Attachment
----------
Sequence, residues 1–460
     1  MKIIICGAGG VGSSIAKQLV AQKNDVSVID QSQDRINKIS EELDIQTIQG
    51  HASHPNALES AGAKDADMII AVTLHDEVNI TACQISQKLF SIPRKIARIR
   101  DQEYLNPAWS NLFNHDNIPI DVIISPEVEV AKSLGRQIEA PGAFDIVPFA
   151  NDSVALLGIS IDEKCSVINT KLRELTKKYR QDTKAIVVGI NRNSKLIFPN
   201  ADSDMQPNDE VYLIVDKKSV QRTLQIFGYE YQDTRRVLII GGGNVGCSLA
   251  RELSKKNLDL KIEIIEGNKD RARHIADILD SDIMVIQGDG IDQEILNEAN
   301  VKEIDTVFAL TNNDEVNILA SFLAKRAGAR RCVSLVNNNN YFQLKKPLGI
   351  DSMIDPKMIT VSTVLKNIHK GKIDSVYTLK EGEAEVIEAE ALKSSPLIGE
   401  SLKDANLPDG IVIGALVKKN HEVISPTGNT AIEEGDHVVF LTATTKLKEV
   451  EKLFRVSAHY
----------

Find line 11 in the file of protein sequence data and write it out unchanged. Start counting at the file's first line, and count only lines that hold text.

   451  EKLFRVSAHY